My name is Elizabeth Studstill and I am a 900-hr AmeriCorps State member serving in Tucson, Arizona. This is my second year with AmeriCorps and my second year volunteering for a nonprofit called Literacy Connects.


Literacy Connects has many programs focused on literacy education in underserved communities for both children and adults, but I work for the English Language Acquisition for Adults (ELAA) program. We provide 45 free English classes around Tucson ranging from the beginning level to advanced conversation classes. In just the current class session, which began mid-January, we are serving 748 students.


These classes, more than anything else, offer the students opportunity. There are so many barriers in place to the immigrant and refugee populations in Tucson, but one of their biggest hurdles is language. Even before you get to challenges like entering the job market or applying for higher education, the most routine of everyday tasks can seem impossible. How do you go to the grocery store, stop by the bank, or speak to your landlord without English? How do you get your driver’s license or speak with your child’s teacher about their behavior in class? If we want to lift these populations out of poverty and put them on an even playing field, we need to give them English.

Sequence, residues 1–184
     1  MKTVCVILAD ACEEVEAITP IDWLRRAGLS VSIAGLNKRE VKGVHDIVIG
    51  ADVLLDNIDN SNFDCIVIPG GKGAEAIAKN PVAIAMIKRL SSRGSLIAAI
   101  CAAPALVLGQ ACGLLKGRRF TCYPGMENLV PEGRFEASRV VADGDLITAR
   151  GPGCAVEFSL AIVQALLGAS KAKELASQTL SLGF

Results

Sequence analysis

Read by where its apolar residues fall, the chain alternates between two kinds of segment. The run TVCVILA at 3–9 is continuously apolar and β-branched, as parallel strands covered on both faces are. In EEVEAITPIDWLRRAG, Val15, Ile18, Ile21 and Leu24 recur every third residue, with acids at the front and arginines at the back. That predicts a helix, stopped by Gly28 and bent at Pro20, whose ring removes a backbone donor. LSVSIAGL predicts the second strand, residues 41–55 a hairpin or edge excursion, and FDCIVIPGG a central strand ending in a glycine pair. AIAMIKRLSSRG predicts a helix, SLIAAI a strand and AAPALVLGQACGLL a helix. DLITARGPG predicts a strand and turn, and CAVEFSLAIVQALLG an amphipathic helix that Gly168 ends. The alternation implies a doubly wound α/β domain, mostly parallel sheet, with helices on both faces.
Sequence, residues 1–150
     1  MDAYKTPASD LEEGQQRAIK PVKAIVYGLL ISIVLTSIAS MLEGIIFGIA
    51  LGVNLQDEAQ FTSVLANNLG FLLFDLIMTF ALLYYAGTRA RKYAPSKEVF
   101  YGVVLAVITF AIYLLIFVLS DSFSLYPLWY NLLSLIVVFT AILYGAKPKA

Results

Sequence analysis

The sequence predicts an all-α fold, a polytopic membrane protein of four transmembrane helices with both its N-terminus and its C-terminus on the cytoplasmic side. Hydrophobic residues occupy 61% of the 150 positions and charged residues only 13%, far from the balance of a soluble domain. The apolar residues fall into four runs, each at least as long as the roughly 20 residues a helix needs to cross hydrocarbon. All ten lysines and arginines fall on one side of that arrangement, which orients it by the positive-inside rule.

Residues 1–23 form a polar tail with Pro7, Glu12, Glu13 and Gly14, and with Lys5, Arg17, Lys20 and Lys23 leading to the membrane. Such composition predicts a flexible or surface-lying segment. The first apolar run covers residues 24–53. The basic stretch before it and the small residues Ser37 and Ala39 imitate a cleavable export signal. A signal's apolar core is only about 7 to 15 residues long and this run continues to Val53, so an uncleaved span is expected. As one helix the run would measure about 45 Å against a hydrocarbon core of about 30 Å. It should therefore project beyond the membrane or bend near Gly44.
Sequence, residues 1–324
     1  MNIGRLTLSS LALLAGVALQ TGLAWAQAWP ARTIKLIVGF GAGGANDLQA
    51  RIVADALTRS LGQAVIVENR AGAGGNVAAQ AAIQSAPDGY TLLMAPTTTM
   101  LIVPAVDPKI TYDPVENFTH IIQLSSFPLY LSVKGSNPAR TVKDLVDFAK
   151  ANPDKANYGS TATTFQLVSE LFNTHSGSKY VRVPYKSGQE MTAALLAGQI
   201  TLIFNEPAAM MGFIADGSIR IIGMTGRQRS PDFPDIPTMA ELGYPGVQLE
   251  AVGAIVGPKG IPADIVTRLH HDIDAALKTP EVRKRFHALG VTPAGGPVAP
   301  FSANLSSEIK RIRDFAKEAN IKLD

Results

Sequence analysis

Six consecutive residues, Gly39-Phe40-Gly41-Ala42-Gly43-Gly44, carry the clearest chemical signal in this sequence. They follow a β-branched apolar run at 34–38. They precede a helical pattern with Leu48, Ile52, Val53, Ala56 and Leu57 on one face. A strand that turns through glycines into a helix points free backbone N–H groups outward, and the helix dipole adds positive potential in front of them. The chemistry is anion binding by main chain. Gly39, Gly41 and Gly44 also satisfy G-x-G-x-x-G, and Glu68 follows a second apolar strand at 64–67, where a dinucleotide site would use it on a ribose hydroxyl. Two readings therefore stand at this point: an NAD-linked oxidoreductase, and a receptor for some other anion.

I personally teach a beginning class at the Wakefield Family Resource Center with 22 students. We’re a big group and sometimes class can get very loud, but I’m loving every minute of it. I’m so lucky to have gotten this placement from AmeriCorps because through it I’ve discovered my passion. When I see that light in a student’s eyes as the lesson suddenly clicks for them and they understand, it doesn’t feel like serving. It feels like such a gift to be a part of that process.


A couple of weeks ago in class, one of my Spanish-speaking students waved me over while working on a writing assignment. She pointed to the sentence she was working on and asked me, “Teacher, this has two E’s? Or one?” I answered her question and started to walk away when she yelled again, “Teacher!” I turned around to see her looking amazed with herself, eyebrows raised and mouth hanging open, as she continued, “I ask you in English!”


It seems small maybe, but even just the simple ability to ask for help in English was huge for her. She was shocked and proud. I want all of my students to be able to have a moment like that, where they realize suddenly that they can do more than they thought they could.